BY KAREN KLEISS, EDMONTON JOURNAL OCTOBER 4, 2014
EDMONTON - The number of Alberta families dependent on monthly welfare cheques peaked at 40,000 in 2010 and has yet to return to pre-recession levels, new provincial figures show.
A Journal analysis of newly released provincial data shows monthly caseloads stabilized around 33,000 in early 2014, significantly higher than the roughly 25,000 monthly caseloads before the 2008 financial crash.
The figures also show single people and lone-parent families make up the bulk of households receiving income support, while more than half of all welfare recipients are those not expected to work because they have “barriers to employment” — the only category of recipients that is on the rise.
David Schneider, executive director of program policy for the Human Services department, said the steady increase in that group is mainly made up of older Albertans no longer able to do the work they did when they were younger.
“We see people who are getting older, who maybe when they were in their 30s were able to work manual, physical jobs, and be self-sufficient,” he said.
“They’ve had lots of hard work, and their bodies aren’t in the same shape.”
Schneider said the number of Albertans receiving welfare hasn’t returned to pre-recession levels in part because more people have moved to Alberta, and the figures don’t reflect that population growth. Further, welfare caseloads typically mirror the unemployment rate, but with a six-month delay.
He said most welfare cheques go to single people and lone-parent families because the province measures total household income to determine if a family qualifies for support, and Albertans in a relationship who hit hard times are more likely to be supported by their partners.
The ministry does not measure how many people apply for welfare but are turned away, Schneider said.
The Income Support Program, popularly known as welfare, is a branch of the Alberta Works program. Alberta invests just over $388 million annually to help Albertans in crisis.
Typically, a single person who is expected to work receives $627 per month in support, while a single person with barriers to employment gets $731.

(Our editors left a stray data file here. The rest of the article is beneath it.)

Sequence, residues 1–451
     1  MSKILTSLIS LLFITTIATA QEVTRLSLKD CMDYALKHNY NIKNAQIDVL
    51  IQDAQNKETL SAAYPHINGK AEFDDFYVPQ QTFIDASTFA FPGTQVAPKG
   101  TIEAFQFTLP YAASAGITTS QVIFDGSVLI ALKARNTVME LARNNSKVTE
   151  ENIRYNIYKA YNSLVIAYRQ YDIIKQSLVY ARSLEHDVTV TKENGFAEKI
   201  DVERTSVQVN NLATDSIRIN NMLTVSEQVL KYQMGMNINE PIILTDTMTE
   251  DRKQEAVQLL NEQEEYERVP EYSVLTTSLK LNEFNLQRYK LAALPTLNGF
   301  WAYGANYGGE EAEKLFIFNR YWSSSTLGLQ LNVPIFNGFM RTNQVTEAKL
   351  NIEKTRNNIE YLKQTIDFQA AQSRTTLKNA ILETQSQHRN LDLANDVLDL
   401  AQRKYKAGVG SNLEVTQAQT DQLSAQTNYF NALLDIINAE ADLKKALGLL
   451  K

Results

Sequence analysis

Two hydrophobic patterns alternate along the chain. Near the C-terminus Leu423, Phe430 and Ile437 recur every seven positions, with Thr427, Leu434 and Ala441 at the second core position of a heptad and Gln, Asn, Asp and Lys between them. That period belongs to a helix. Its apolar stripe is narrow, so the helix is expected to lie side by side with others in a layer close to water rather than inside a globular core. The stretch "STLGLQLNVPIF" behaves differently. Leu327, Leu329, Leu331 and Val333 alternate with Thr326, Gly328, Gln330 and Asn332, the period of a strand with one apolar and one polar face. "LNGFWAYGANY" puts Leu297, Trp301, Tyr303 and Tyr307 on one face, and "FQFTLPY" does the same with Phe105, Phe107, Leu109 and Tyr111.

A single parent with two children who is expected to work — say a single mother who has left a violent relationship — receives $1,130.
Albertans on welfare can earn up to $230 a month by working, after which additional benefits are clawed back at a rate of 75 per cent.
John Kolkman of the Edmonton Social Planning Council said the number of welfare recipients with barriers to employment is increasing because front-line caseworkers are under pressure to reduce the number of Albertans receiving Assured Income for the Severely Handicapped (AISH).
This is partly because a single person on AISH receives $1,588 per month — more than double the welfare rate — and demand has increased since Alison Redford boosted rates by $400 in 2012.
“People in the front-line agencies will say a lot of those people (who receive income supports) have profiles not dissimilar to people who are in the AISH program, and that some of them should be on AISH,” he said. “It’s really hard to live on income support benefits — they are among the lowest in the country.”
Bill Moore-Kilgannon of Public Interest Alberta said caseloads haven’t returned to pre-recession levels because the government has cut job training programs for people on welfare.
“Unless we are supporting people to get the training they need to get a job, we will continue to see people stuck in the poverty cycle,” he said.
Further, he said “these numbers only represent those who got onto the system. … Who is excluded from support? There is no shortage of people who are in crisis and unable to get help.”
Fundamentally, he said the problem is that the Tories haven’t kept their 2012 election promise to introduce a comprehensive poverty reduction strategy.
“We have to support people before they fall into poverty,” he said.